10,000 more Fauquier County homes may have broadband access in the years ahead thanks to state infrastructure project | Government & Politics


Nearly 10,000 Fauquier homes and businesses that currently lack access to broadband may finally be served with high-speed, fiber-optic internet within the next few years following Virginia’s Department of Housing & Community Development’s announcement that its telecommunication infrastructure project is back on track.

During the Fauquier Board of Supervisors meeting Thursday, Deputy County Administrator Erin Kozanecki announced the department officially signed a contract with the Richmond-based internet provider All Points Broadband, the Northern Shenandoah Valley Regional Commission, Fauquier County and other localities authorizing the implementation of the largest publicly funded broadband project in Virginia’s history, called The Virginia Telecommunication Initiative or VATI Grant.

Signed into law by Gov. Ralph Northam August 2021, the grant is meant to allocate billions of dollars, including a $700 million investment in the VATI, of stimulus funding the state received through the American Rescue Plan Act toward creating universal broadband access across the state by 2024.

In September 2021, Fauquier and other surrounding localities — including Augusta, Clarke, Frederick, Page, Rappahannock and Warren counties — applied for a $97.2 million grant, later adjusted to $96.8 million, to fund the construction of 700 miles of fiber optic cables that would bring high-speed internet access to approximately 42,700 unserved locations across the region. Approximately 10,000 of those locations would be in Fauquier County.

The total cost of the project, however, was $306.2 million. Thus, as part of its contract with the state, All Points, Northern Shenandoah, Fauquier and other localities were required to help make up the difference.

Fauquier allocated approximately $10.5 million to the project using federal stimulus funds it received via the American Rescue Plan.

The project completion date was anticipated to be early 2023. But Kozaneck told FauquierNow the timeline was pushed back because the transition from former Gov. Ralph Northam to Gov. Glenn Youngkin’s administration earlier this year.

“Basically, administration staffing turnover delayed it, which we knew was quite possible,” she sad. “And that’s normal.”

Kozanecki said during Thursday’s meeting the new completion date would be sometime during the summer of 2025. She said a specific project timeline will be provided by September 2022.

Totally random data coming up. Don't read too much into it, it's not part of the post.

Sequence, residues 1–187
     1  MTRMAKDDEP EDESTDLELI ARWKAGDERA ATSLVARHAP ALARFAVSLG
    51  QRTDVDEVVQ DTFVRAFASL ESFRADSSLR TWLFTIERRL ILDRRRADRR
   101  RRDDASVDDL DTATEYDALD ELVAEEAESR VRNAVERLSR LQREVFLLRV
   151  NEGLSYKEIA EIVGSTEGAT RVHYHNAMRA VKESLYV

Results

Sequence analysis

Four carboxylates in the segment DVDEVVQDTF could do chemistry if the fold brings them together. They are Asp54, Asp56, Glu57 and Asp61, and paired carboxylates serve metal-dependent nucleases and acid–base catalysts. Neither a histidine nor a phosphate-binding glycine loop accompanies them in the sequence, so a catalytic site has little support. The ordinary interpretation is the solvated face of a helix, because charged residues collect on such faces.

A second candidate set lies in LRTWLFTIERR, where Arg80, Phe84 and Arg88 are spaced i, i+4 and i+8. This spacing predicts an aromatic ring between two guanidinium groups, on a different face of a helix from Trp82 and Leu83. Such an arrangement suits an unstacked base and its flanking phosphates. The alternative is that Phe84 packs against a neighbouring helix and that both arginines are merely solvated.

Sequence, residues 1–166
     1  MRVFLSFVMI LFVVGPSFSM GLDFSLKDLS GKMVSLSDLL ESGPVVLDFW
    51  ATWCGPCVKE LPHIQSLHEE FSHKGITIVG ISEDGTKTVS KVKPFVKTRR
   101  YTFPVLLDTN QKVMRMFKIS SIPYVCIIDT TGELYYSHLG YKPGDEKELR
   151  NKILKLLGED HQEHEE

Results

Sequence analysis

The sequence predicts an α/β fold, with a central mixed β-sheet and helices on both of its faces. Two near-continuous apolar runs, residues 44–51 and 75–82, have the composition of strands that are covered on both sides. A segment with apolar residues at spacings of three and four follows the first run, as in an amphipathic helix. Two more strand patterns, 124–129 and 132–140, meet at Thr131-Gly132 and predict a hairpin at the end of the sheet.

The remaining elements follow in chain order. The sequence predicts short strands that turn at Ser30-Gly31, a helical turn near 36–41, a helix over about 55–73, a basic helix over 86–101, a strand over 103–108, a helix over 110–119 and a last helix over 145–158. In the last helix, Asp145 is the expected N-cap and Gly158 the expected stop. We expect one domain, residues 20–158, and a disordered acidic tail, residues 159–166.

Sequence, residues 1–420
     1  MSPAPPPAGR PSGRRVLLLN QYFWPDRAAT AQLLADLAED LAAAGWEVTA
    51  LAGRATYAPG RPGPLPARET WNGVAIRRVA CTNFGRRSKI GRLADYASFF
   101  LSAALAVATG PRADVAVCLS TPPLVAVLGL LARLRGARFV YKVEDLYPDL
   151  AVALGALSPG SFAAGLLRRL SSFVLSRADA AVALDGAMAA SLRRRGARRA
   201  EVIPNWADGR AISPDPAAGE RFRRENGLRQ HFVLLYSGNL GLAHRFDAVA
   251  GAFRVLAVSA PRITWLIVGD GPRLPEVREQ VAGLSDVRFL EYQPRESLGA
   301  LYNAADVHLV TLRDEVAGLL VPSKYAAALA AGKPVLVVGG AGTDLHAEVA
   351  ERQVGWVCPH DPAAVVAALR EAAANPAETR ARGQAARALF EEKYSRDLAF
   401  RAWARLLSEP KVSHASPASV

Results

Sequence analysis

Residents can sign up to receive updates from All Points by visiting its website, fiber.allpointsbroadband.com/. The county also has a webpage with project updates that residents can visit, using this link.

To gain access to the broadband network, customers must pay a standard installation fee of $199 if they are within 500 feet of the line. Those more than 500 feet will be eligible for a fee waiver within the first year of the service becoming available.

All plans will have no data caps with an additional flat $5 service fee to cover applicable taxes and fees. Below are the estimated costs for each internet plan based on estimates within the grant application:

  • 50/50 mbps – $59.99/month
  • 100/100 mbps – $79.99/month
  • 500/500 mbps – $99.99/month
  • 1/1 gbps – $109.99/month

Data Stream lawsuit ongoing

The news that many residents may receive high-speed internet in the years ahead comes a month after one of the county’s current broadband providers, Data Stream Mobile Technologies, filed a lawsuit against the Fauquier Broadband Authority and Board of Supervisors for defamation.

Before the suit, in June, Data Stream, which reportedly had 629 subscribers as of March, accused the county of violating its contract with the company for “defaulting” on its “contribution to the costs” of providing broadband access. The county denied this claim.

Cedar Run District Supervisor and new board Chairman Rick Gerhardt went so far as to claim that the company was “non-responsive to subscribers’ service issues” and possibly to blame for a “reduction in service speeds” as a way to put pressure on the board.

On Thursday, the board attorney-in-law voted to authorize the County Tracy Gallehr, Alexandria, Harman, Claytor, Corrigan, and Wellman, to represent the county in the case.

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